Thomas knew well the adage- "A coward dies a thousand deaths; the brave man dies but once." His parents had repeated it to him in hopes that such an awful realization would shake him out of his fearful state, but you can imagine the effect of such a pronouncement upon him. Thomas had keenly felt his thousand deaths, and a thousand more and a thousand again. He'd given himself up, and over, many times.

When he was 35, both his parents died of cancers within two months of one another. Prior to that, he had visited them every day and they had continued their pronouncements and warnings about not trying hard enough to change, from their deathbeds. When they died he cried for each of them as he had cried many times before during his life while contemplating their deaths.

The world had no place for, or interest in, someone like Thomas and it moved ahead without him.

You may think that you would not live that way, afraid of everything. You would rather die. You would take your own life if you were that afraid. Of course you would, because you're brave.

I told you all that so that I could tell you this.

In February of this year, Thomas turned 50 years old and couldn’t tell anyone. On the afternoon of his birthday, he accidentally stumbled into the midst of an armed robbery at the cash machine in front of a Credit Union branch, two blocks from his little apartment.

A disheveled young man, for reasons of his own, was robbing a young mother with an infant, at knife-point on the sidewalk by the cash machine. Thomas was walking past the bank but his attention was focused on the obvious danger of the enormous city bus pulling up to the stop near the bank entrance. Distracted by the bus and oblivious to the robbery, he walked right past the frightened woman and child, and collided with the armed man. The robber screamed at him and Thomas did what he always did when frightened, he froze and closed his eyes. The woman saw her chance and moved away with her child, toward the bus, and the robber, enraged, stabbed Thomas in the center of the upper abdomen with a vicious, upper thrust.

Most of the people on that side of the bus, along with the driver, saw the shocking incident. Thomas fell to the ground and curled up, best he could, with the knife still in him. The would-be robber ran off and was caught later that day thanks to eyewitness descriptions and closed-circuit TV video recording from the cash machine.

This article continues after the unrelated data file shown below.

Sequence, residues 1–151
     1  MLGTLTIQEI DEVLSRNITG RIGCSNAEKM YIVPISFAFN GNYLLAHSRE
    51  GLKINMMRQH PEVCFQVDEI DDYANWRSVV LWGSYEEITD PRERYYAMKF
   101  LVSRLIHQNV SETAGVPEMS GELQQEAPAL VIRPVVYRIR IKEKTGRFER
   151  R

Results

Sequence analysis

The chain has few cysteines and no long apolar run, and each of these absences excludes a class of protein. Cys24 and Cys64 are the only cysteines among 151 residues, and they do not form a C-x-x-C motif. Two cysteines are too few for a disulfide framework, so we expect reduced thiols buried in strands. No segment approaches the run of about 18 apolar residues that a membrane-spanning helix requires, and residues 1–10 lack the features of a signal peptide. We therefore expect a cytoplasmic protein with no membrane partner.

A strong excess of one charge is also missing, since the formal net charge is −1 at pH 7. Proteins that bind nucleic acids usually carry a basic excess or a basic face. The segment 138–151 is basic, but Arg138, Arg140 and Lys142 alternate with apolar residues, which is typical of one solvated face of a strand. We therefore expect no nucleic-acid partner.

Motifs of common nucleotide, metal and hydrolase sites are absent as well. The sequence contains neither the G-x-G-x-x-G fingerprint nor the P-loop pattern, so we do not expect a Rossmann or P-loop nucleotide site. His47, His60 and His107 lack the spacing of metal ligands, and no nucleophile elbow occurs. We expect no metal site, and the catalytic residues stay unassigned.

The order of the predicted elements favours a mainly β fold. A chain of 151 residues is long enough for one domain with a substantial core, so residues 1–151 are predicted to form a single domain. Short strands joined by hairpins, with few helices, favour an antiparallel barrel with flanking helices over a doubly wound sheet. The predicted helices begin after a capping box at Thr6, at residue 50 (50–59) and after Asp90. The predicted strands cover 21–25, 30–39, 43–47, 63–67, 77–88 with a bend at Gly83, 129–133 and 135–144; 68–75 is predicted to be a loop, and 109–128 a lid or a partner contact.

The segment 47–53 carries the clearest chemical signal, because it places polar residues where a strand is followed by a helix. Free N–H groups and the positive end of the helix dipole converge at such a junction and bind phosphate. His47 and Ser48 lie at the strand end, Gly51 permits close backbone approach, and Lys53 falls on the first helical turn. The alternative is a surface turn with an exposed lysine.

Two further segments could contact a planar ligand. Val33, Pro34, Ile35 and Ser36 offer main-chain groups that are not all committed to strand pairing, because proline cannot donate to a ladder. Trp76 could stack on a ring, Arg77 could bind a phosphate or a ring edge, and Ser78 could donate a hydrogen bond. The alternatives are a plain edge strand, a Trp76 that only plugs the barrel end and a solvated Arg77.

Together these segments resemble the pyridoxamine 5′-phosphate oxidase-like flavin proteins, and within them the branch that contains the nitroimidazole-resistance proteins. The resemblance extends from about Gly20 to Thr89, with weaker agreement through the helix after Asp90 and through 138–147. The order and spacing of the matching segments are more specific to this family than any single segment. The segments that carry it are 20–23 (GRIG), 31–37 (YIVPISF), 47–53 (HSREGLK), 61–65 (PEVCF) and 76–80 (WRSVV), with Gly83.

By the time the Medic-One van pulled up to the scene, Thomas had lost so much blood he could no longer see. He could only hear the voices around him. He heard the young mother and her baby crying and people from the bus consoling them. He heard people talking with each other and the police about what they'd seen and how shocking it had been.

He heard everyone saying that he, Thomas, had intervened in the armed robbery and saved the life of the mother and child and that it was the bravest, most selfless thing they'd ever seen.

When Thomas heard this, he thought the voices sounded a little bit like the voices of his parents, and then he died, right there, before he could be afraid of what came next.

* * *

Sunday, June 26, 2016

The Errand

A couple more things and he would head home. Honestly, his feet felt like they were on fire. He needed to get online and look up "Athlete's Foot," maybe that's what he had. Whatever it was, it was really annoying.

Cary Freeman walked with a constant, uneven rhythm along the sidewalk in front of the stores with a dark blue backpack slung over his left shoulder and a reusable grocery bag in his left hand. He moved at a leisurely pace and looked into the store windows on his left as he passed them, but the rest of the time he kept his eyes on the ground ahead of him. It was a nice afternoon, a little cooler than average, but that was good, and there were plenty of people out, busy living their lives. Some were on their lunch breaks and trying to squeeze in some errands, a quick trip to pick up cleaning or drop off papers along with grabbing something to eat.

Cary was amazed that there could be so many worlds existing independently, but almost never touching. It was like a well-run ant colony or something. Except ants had a common bond and goal, but people – people acted as though they were all strangers on their own paths. Watching what most people did made Cary believe that, with the possible exception of a few moments each week, when they were comfortable and safe, sitting with their feet up and their stomachs full, most people never considered the common good, never thought of their real place in the universe.